But what chance do I have? Can't code, can't think, can't even hold down a steady job. Working afternoons at the bookstore, scowling over a copy of 250 Indie Games You Must Play. Final warning, but not for that. If I could just [sort out a self-employment tax reference number] work harder and maybe just pin something down, turn this whole ‘playing videogames' thing into more than just a pastime, I know I could make it. All this turgid shite, all these frustrations, I know I could do a better job. Then, when I put my game out there, let's see all those shill reviewers make asses of themselves by giving it a bad score. This is another problem [perhaps consider a loan if you need to get your development studio off the ground] because I don't have the money to pay off the big sites like some of those publishers obviously do. And some of the indies too, obviously. I mean, a 7/10 for a fucking feminist visual novel? 10/10 for a buggy, broken open world RPG? Come on. That's not what gamers want. Reviewers are so out of touch with modern gaming, [an 8-bit platformer or a SNES-era JRPG is always a good place to start] it's not even funny.

Flash. Flash is good. Flash games on Newgrounds or Kongregate. You get some good shit on there, and the creators are sometimes barely literate. If they can do it I can do it. This quest is broken, though. How does stuff like this even get released? What kind of piece of shit do you have to be to rip off customers like this? Makes me so mad.

***

I'm at work. I'm not reading that indie game book, that was ages ago, don't take my anecdotes literally. I've been scribbling on a pad, desperately trying to crowbar inspiration out of my brain[take care in choosing your engine—remember, you may be stuck with it for the duration of your project] and onto the page. So far I've got a level with spikes and a little dude who has to leap over them. It's a bit like that one game, but not bullshit hard like that, and not made by a couple of [an original hook is holding down a button to affect gravity] clowns who never played a platformer in their lives. I'm at work, and this girl approaches me. Great body, smooth-as-hell legs, but she's wearing a jumper and I can't see as much of her torso as I'd like. Not bad, though. The only real perk to working in a bookshop is being able to check out hot nerdy girls, and most of them aren't faking it if they're actually in here buying Sartre or whatever.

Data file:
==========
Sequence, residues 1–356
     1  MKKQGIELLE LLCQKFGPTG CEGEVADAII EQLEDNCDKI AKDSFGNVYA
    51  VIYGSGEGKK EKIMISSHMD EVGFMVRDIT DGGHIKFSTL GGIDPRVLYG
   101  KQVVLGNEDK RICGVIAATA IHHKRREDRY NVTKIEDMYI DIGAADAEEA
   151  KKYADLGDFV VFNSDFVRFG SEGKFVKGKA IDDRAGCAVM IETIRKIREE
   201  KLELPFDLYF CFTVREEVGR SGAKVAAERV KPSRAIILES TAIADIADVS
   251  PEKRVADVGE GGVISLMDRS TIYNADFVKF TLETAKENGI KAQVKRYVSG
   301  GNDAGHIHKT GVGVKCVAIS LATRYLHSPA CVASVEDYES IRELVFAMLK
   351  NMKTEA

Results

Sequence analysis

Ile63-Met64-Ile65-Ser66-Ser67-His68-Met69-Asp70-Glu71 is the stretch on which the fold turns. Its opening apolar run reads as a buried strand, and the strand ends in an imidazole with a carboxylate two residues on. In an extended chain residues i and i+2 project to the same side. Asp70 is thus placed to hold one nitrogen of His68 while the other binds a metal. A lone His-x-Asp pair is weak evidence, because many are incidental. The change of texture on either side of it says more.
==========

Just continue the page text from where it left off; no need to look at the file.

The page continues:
She comes up to me at the desk and I'm still doodling in my notepad. I've written down B = 8/F = 6. Body, face. I make no attempt to cover it up, not like she'll know what it means. I am disconnected.

"Do you have any copies of The Secret History?" she asks, "Because I really need a copy for college." And I ask her if she's tried checking the shelves and she's like, "that's the thing, I can't remember who wrote it."

She glances down at my notepad, back up at me. I smile, avoiding her gaze, my eyes drifting down to her chest instead. If she notices, she doesn't let on. I tap away at the computer, look it up, find [be sure to play similar games in your chosen genre—learn from the successes, and the failures] the author (Donna Tartt), we have two copies in stock I tell her. "Thanks," she says, then waits.

"Can I help you with anything else?" I say, while resuming my doodling. There's a bottomless pit now, and at the bottom is a bunch more spikes. Wait, no, it's not bottomless then, is it? There's a silence, a bottomless pit in the conversation, perhaps that's where I got it from.

"Who wrote it then?" she asks. I don't like her tone. "I need to know where to look." I sigh, and go straight to the correct shelf, grab the book, come back. I hand it to her.

"Did they make a movie of this or am I thinking of something else?"

"No, they didn't, you moron," I want to say, but don't, or, "My own fucking generation makes me sick. Movie version? Just read the damn book," I want to say, but don't. Instead I tell her no, because if they had it'd be one of those shitty movie tie-in editions and it isn't [the best way to ensure there is no disconnect between player agency and your narrative is to script your game in a dynamic way] and she seems resigned and accepting about this. She pays by card, and I see her name is Carla. I watch her as she leaves. She has quite a nice ass.

***

Later, I leave work and go home. Dishes fill the sink, my lazy shit of a roommate no doubt too busy fucking his girlfriend to bother to clean up after himself. Or were they mine? I don't recall, because I think [adding cooperative play to your platformer can transform it into a best-selling title] mine are still in my room.